Bhutta, N., & Keys, B. (2022). “Moral Hazard during the Housing Boom: Evidence from Private Mortgage Insurance.” Review of Financial Studies, 35(2): 771–813.
Berkouwer, S., Wolfram, C., Miguel, E., & Hsu, E. “What does donor conditionality do? Causal evidence from Kenyan electrification.”
McGlinch, J., & Henisz, W. “Reexamining the Win-Win: Relational Capital, Stakeholder Issue Salience, and the Contingent Benefits of Value Based Environmental, Social and Governance (ESG) Strategies.” (Under Review)
Perino, G., Ritz, R.A., & van Benthem, A.A. “Cancelling Carbon in Cap-and-Trade Systems.” Latest draft: February 2022.
Abito J.M., Flores-Golfin, F., van Benthem, A.A. & Vasey, G. “Designing More Cost-Effective Trading Markets for Renewable Energy.” Latest draft: February 2022.
Berkey, B., & Orts, E.W. (2021). The Climate Imperative for Business. California Management Review (Insights/Frontier).
Abito, J.M, Knittel, C.R., Metaxoglou, K., & Trindade, A, “The Role of Output Reallocation and Investment in Coordinating Environmental Markets.” Revise & Resubmit at International Journal of Industrial Organization.
Berkouwer, S., & Dean, J.T. “Credit, attention, and externalities in the adoption of energy efficient technologies by low-income households.” Revise & Resubmit at the American Economic Review.
Perino, G., Ritz, R.A.& van Benthem, A.A. “Understanding Overlapping Policies: Internal Carbon Leakage and the Punctured Waterbed.” Latest draft: December 2021.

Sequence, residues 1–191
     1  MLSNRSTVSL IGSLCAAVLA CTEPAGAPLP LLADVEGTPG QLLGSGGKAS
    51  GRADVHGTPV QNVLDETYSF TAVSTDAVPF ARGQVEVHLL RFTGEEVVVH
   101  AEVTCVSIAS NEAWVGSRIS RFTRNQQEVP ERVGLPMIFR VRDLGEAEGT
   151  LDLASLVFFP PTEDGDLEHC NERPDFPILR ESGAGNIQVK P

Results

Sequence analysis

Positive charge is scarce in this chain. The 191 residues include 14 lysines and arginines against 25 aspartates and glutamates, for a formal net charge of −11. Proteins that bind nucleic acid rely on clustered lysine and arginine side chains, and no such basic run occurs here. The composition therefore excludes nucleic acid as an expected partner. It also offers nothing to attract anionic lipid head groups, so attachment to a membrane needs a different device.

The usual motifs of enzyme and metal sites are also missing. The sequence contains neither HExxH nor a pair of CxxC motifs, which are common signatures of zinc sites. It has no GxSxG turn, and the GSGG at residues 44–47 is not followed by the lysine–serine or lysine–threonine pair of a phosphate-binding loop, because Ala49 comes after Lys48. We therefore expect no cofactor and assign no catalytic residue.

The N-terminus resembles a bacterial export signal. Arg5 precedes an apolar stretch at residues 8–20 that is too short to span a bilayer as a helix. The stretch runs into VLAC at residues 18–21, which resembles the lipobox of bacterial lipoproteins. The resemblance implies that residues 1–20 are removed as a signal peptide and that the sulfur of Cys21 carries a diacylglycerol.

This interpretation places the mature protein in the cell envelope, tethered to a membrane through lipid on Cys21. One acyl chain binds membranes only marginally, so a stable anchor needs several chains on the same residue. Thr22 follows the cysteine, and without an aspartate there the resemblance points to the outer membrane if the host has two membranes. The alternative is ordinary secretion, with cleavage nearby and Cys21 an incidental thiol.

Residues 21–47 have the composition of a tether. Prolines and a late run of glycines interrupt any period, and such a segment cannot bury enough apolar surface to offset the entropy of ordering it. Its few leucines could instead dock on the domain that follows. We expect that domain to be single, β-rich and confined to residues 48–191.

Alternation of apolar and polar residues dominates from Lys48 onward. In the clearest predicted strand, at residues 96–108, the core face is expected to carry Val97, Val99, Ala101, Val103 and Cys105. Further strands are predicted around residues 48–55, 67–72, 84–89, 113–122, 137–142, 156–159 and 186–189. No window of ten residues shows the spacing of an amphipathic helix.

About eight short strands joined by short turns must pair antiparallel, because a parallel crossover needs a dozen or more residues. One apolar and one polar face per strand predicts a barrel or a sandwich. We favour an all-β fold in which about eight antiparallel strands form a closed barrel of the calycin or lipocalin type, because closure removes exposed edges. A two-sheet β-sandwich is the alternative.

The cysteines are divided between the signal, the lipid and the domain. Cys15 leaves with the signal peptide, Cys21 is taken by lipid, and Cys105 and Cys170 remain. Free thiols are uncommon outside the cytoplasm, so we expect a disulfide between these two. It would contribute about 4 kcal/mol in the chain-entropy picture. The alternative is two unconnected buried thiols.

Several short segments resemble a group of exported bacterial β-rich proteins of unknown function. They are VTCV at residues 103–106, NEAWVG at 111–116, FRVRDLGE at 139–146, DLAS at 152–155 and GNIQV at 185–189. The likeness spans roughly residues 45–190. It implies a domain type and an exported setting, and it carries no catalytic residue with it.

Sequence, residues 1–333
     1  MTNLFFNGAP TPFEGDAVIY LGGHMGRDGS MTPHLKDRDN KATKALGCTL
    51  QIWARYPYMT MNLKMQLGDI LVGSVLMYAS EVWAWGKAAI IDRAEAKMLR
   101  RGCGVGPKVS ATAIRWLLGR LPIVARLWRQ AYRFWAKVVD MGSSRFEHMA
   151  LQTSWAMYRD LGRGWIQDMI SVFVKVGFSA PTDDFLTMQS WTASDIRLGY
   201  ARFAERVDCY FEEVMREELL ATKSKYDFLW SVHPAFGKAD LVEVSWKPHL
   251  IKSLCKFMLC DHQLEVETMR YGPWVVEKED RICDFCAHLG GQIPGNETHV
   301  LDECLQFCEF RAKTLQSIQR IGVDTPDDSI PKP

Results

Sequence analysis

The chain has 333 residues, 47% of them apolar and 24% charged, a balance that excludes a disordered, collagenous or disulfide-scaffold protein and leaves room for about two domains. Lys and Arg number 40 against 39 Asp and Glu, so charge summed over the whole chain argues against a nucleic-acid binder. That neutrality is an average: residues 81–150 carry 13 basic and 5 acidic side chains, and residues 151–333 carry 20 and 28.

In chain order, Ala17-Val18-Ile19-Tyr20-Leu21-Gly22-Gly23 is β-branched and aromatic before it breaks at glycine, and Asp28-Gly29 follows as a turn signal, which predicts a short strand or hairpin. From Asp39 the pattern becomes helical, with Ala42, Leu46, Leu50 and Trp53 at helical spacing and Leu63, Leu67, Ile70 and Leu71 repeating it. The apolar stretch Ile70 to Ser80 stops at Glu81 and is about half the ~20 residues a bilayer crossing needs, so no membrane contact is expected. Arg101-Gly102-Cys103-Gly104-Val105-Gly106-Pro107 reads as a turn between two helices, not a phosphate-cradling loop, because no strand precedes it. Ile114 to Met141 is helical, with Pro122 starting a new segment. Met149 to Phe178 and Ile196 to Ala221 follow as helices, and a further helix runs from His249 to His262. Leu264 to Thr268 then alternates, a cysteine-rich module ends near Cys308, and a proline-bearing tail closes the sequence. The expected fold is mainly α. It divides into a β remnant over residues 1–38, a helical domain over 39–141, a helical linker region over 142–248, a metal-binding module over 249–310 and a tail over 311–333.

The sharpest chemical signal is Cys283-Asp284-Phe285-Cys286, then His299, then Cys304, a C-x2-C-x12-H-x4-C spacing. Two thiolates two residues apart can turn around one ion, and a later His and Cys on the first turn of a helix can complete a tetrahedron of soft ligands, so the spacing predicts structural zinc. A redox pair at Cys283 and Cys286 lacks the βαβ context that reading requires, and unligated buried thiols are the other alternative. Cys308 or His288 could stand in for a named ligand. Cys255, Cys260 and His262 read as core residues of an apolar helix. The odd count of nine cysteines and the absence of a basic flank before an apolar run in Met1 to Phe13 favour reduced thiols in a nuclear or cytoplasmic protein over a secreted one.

Jacobsen, M.R., Sallee, J.M., Shapiro J.S., & van Benthem, A.A. “Regulating Untaxable Externalities: Are Vehicle Air Pollution Standards Effective and Efficient?” Latest draft: December 2021.
Berkouwer, S., Adkins, J., Hsu, E., Klugman, N., Streff, A., & Wall, A. (2021). What’s reliability without voltage quality? Energy for Growth Hub. November 29.
van Benthem, A.A., Crooks, E., Giglio, S., Schwob, E., & Stroebel, J.C. “Climate Risks, Financial Markets, and the Energy Sector.” Latest draft: October 2021.
Han, J.S., Houde, J.F., van Benthem, A.A. & Abito, J.M. “Agency Frictions and Procurement: New Evidence from U.S. Electricity Restructuring.” Latest draft: August 2021.
Light, S.E., & Skinner, C.P. (2021). Banks and Climate Governance. 121 Columbia Law Review 1895.
Gillingham, K.T., Houde, S., & van Benthem, A.A. (2021). Consumer myopia in vehicle purchases: evidence from a natural experiment. American Economic Journal: Economic Policy, 13(3), 207-38.
Han, J.S., Houde, J.F., van Benthem, A.A. & Abito, J.M. (2021). When Does Regulation Distort Costs? Lessons from Fuel Procurement in US Electricity Generation: Comment. American Economic Review, 111(4): 1356-1372.
MacDuffie, J.P., & Light. S.E. (2021). EV Turning Point: Momentum Builds for U.S. Electric Vehicle Transition. Yale Environment 360.
Light, S.E. (2021). National Parks, Incorporated. University of Pennsylvania Law Review, 169, Rev. 33.
Abito, J.M. (2020). Measuring the Welfare Gains from Optimal Incentive Regulation. Review of Economic Studies, 87(5): 2019–2048,
Engström, G., Gars, J., Jaakkola, N., Lindahl, T., Spiro, D., & van Benthem, A.A. (2020). What Policies Address Both the Coronavirus Crisis and the Climate Crisis? Environmental and Resource Economics 76(4): 789-810.